A hugely emotional Mark Cavendish thanked Patrick Lefevere, team principal at Deceuninck-Quick Step, for continuing to believe in him when others did not after claiming his first victory in over three years on Monday.
The British rider, 35, won stage two of the Tour of Turkey from a bunch sprint to assume the overall lead of the race.
Cavendish has suffered a series of setbacks since his last big year in 2016 when he won the world Madison title, four stages of the Tour de France and a day in the leader’s yellow jersey, Olympic omnium silver and finished second at the road world championships. He lost the best part of two seasons to Epstein-Barr virus, broke his shoulder after crashing out of the Tour de France in 2017 and also suffered with depression, something he revealed in an interview with Telegraph Sport last year.
It looked last autumn as if he might have run out of road. In a tearful interview after Ghent-Wevelgem Cavendish admitted he did not know whether he would race again, with his contract at Bahrain-McLaren coming to an end and coronavirus wreaking havoc with the season.
However, the 30-time Tour de France stage winner agreed a contract with his old Belgian team, Deceuninck-Quick Step, where he spent three very successful seasons between 2013 and 2015.
And he has been getting closer and closer to his first win since the Dubai Tour in 2018. The 35 year-old finished on the podium at Scheldeprijs last week.
He timed his run to perfection on Monday, surging from fifth wheel to pass André Greipel (Israel Start-up Nation) and then Jasper Philipsen (Alpecin-Fenix) on the line.
Afterwards Cavendish paid tribute to Lefevere. “Some people didn’t think I could get back to winning, but he did and for that I am grateful,” he said. “Just to get back to winning after what I’ve been through in the last couple of years is truly incredible. To win again was emotional and to hug all my teammates after the finish was amazing.”
Analysis: Next stop Tour de France for Cavendish?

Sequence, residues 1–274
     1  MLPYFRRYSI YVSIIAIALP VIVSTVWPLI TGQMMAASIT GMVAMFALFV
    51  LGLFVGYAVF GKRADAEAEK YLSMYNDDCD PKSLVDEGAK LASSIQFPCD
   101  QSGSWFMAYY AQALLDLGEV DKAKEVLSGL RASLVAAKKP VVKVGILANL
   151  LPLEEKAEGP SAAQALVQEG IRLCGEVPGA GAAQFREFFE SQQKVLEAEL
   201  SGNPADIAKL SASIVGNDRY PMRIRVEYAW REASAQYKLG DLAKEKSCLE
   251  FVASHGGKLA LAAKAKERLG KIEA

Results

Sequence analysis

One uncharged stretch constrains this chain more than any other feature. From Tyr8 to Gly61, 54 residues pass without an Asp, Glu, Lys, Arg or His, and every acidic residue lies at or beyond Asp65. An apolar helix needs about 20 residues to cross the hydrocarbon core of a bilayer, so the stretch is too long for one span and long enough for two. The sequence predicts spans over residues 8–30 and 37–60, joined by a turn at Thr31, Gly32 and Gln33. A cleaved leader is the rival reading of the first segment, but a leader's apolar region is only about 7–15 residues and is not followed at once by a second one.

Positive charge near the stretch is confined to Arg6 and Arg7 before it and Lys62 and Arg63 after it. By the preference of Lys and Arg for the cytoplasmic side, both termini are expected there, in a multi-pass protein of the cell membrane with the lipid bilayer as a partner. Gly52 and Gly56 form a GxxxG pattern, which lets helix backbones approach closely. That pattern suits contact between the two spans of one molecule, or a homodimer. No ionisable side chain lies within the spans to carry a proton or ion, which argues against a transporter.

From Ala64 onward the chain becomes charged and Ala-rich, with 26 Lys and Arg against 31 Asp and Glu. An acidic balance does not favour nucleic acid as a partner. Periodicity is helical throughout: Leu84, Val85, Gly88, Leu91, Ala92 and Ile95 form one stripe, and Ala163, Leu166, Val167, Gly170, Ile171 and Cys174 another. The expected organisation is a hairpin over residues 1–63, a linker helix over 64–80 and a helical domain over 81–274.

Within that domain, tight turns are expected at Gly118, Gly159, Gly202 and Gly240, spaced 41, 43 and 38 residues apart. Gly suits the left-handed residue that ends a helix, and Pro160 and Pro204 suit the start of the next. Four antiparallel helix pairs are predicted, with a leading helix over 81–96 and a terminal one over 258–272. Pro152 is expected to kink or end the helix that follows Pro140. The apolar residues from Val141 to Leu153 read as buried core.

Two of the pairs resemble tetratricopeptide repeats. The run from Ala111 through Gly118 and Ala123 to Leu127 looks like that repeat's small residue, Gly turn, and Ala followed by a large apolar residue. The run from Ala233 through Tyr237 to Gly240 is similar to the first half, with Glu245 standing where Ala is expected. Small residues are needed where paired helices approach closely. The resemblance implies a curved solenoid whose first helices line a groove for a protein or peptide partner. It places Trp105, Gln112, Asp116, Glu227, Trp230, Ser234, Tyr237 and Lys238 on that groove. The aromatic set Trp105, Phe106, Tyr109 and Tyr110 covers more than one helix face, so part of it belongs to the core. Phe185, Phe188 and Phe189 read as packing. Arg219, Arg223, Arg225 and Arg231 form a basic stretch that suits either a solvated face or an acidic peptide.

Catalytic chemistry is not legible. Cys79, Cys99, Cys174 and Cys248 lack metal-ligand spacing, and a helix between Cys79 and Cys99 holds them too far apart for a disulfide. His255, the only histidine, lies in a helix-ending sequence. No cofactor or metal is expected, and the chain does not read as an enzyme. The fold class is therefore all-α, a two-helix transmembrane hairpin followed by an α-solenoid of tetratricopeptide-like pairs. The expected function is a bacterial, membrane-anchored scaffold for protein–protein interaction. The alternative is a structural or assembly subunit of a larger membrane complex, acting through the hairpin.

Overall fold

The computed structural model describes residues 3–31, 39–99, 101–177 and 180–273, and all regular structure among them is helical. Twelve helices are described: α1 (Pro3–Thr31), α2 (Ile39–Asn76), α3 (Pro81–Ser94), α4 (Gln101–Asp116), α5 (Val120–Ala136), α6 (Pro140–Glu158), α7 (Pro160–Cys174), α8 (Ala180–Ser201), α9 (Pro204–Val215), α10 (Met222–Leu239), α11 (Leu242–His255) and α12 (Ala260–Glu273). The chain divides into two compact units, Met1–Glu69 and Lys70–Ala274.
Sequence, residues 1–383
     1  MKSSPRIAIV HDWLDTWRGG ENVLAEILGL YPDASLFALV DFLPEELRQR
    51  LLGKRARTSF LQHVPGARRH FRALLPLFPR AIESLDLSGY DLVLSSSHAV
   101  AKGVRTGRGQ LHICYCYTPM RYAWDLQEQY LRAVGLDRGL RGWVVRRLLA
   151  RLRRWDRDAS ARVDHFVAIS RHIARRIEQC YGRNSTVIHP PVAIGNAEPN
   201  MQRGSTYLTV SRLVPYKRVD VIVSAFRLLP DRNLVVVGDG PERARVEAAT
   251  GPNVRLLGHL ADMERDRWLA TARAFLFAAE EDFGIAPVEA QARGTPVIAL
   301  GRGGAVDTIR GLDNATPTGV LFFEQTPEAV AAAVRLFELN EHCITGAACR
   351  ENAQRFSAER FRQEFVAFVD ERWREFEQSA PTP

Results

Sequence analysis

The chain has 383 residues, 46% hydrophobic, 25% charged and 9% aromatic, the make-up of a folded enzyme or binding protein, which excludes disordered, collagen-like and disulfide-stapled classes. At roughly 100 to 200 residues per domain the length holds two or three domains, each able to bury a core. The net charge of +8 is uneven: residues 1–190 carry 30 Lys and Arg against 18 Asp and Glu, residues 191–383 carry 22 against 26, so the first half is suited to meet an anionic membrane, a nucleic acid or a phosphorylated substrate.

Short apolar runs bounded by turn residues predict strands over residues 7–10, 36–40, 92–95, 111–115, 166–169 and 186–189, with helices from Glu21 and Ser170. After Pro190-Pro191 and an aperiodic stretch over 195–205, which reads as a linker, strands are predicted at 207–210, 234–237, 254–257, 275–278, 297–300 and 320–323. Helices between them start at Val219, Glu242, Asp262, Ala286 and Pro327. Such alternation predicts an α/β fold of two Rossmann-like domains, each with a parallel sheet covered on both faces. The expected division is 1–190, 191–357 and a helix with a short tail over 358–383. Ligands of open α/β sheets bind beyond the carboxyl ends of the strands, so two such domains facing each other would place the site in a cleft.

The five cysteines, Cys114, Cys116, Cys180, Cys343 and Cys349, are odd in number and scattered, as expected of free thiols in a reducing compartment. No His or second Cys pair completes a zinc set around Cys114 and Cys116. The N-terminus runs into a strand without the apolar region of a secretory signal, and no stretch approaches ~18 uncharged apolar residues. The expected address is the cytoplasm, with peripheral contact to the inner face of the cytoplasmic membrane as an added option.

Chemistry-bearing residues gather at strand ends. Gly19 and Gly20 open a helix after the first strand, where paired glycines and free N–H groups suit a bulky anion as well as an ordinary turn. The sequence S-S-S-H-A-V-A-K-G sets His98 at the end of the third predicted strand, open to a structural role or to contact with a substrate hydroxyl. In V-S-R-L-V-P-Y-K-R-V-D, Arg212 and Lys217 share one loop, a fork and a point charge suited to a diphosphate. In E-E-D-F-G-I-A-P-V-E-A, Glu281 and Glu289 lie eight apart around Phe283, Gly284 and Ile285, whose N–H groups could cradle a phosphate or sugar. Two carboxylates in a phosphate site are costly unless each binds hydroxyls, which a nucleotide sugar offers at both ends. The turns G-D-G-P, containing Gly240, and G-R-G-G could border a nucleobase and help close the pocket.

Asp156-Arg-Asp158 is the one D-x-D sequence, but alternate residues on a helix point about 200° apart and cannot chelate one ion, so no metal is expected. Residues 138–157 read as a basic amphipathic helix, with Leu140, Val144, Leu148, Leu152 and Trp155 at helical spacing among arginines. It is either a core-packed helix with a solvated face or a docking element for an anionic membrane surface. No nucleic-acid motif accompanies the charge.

By Tom Cary
Cavendish’s first win in over three years was greeted with huge enthusiasm throughout cycling, a sport which reveres its great champions. The Manx rider, second only to Eddy Merckx in terms of Tour de France stage wins and a former world road champion, is one of the greatest sprinters in history and no one wanted to see his career end before he got back to winning ways.
Of course there will be questions now as to what Cavendish 2.0 might be capable of. Could he grow in confidence and become a force in cycling again? Could he — whisper it — add to his 30 Tour stage wins?
It is far too soon to speculate about such matters. The Tour of Turkey is one thing, the Tour de France another. Cavendish needs to to win a lot more races, and against the best sprinters in the world, before Deceuninck-Quick Step would even contemplate taking him. They already have the top sprinter in the world in Ireland’s Sam Bennett on their roster (it will be interesting to see whether Deceuninck-Quick Step choose to keep them apart in the coming weeks). Plus Cavendish will be 36 next month. Time is very much against him.
But the manner in which he won on Monday was encouraging, showing great timing and a good jump as he surged past Greipel to take Philipsen’s wheel, before powering into the lead right on the line.
If he never wins another race, Cavendish can be proud that he fought back from so much adversity to return to the winners’ enclosure. Whatever happens from here, he has already won his biggest battle.